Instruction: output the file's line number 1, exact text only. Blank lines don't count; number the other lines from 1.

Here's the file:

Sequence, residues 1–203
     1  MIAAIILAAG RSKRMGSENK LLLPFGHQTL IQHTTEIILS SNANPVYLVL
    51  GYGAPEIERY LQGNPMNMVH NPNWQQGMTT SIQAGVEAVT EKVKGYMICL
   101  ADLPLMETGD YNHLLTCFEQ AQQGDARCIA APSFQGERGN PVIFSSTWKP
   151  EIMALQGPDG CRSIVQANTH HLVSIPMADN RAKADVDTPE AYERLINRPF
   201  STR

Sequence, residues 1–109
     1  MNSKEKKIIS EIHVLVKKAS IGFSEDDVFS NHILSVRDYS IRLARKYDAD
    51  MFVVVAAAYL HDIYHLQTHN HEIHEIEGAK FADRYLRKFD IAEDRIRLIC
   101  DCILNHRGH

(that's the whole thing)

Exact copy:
Sequence, residues 1–203